Tommy, who is from Croatia and should know such things, consequently calls this place a ‘war zone’ and as far as i am concerned that Dizzee Rascal song mentioned at the beginning of this post provides the perfect soundtrack for running through this madness.

2007 most deadly year yet

So 2007 is coming to an end and it is time to draw up the balance. when it comes to migrants who have died trying to reach Europe, 2007 has been an exceptional bad year even though the powers that be seem to think otherwise. Back in august the IHT quoted spanish and italian officials that proudly proclaimed that the number of arrivals at their shores had been down from the numbers for the same period in 2007:

The deadly flow of flimsy boats crammed with migrants heading north across the Mediterranean has slowed substantially this summer. After years of surging arrivals, Italy and Spain, the initial destinations for thousands fleeing Africa for safety or jobs in Europe, are reporting drops of a third or more compared with last year.

Government officials in both countries trumpet success from more sea-borne patrols and better cooperation with African nations across the Mediterranean to reduce journeys that have seen often-unwanted migrants wash up in Europe and claimed thousands of lives in the past decade, experts estimate.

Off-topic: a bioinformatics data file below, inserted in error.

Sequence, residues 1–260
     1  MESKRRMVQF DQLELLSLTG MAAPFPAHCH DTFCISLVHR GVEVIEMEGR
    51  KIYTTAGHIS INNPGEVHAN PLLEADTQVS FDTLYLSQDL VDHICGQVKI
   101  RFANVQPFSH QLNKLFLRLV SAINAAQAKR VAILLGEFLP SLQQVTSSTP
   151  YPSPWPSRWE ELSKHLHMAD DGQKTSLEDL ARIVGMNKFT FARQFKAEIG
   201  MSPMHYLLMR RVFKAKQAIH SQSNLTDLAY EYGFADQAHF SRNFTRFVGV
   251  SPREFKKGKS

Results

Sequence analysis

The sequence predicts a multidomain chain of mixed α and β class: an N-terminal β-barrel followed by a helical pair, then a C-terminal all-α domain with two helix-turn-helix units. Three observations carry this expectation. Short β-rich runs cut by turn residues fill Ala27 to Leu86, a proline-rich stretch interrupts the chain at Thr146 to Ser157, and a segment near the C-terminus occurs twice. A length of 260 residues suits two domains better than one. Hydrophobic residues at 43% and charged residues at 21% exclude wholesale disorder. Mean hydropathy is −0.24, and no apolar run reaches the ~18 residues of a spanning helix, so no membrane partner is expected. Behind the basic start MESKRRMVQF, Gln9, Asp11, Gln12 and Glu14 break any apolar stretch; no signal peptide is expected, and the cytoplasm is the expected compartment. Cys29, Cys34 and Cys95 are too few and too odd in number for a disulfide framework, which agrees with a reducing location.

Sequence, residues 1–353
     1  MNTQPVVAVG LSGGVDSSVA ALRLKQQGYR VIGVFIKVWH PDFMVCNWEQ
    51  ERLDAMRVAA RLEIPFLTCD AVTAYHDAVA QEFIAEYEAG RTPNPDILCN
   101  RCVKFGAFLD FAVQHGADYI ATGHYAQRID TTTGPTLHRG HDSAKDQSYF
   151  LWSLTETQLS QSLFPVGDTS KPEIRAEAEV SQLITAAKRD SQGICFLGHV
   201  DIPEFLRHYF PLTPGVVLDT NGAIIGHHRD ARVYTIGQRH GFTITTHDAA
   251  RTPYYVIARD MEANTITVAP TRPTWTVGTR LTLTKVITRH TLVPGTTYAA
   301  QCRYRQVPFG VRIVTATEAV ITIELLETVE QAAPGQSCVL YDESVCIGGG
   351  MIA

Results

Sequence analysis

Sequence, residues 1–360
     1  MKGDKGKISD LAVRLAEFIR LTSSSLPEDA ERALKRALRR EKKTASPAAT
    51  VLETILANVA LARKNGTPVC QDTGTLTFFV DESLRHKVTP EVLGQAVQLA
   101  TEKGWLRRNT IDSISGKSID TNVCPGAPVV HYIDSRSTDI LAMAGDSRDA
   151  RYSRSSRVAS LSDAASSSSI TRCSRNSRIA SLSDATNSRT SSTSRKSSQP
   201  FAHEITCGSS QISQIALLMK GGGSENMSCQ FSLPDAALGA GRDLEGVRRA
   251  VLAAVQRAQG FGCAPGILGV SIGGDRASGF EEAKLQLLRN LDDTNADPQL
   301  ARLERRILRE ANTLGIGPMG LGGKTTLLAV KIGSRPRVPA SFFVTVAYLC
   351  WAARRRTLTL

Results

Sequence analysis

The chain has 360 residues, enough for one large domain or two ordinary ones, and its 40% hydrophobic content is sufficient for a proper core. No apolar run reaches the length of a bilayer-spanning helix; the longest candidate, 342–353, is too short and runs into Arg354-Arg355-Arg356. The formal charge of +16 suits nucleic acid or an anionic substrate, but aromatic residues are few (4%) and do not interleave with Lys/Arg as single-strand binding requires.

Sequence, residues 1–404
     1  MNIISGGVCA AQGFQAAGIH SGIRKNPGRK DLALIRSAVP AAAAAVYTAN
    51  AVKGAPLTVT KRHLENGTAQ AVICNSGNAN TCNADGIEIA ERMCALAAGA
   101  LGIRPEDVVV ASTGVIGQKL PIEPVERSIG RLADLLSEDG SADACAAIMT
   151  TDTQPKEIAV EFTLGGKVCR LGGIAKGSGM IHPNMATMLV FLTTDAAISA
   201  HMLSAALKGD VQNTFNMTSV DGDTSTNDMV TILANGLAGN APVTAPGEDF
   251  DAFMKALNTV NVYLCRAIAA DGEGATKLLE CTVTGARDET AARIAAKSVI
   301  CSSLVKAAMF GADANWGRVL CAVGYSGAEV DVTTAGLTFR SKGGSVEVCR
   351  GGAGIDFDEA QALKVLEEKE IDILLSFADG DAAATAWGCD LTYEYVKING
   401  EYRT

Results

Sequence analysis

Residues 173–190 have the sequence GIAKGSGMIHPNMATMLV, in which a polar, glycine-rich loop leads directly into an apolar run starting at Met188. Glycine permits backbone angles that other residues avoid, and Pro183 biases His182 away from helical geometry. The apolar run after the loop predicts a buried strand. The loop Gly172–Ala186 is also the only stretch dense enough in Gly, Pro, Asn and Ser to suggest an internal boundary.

But even as Spain is reporting a sizable decrease in drownings, success is far from complete. With more obstacles in place, migrants appear to be taking greater risks. Fortress Europe, a migrant advocacy group, reports that the number of deaths among those seeking to reach Italy has remained stable, despite the drop this year in overall arrivals, suggesting that those who try face a more perilous journey.

Looking at my own figures i can only second this impression given by Gabriele del Grande. 2007 has been worse both in terms of incidents (55 in 2006 compared to 90 in 2007) and the number of victims of the European border regime (653 persons have died trying to reach europe in 2006. 2007 has already cost 730 lives). Of course these numbers do not represent the real tragedies that are taking place as they are derived from those incidents that are reported in the international press and as they only count those who are confirmed to have died (the numbers would quadruple if they would include all those reported to be missing).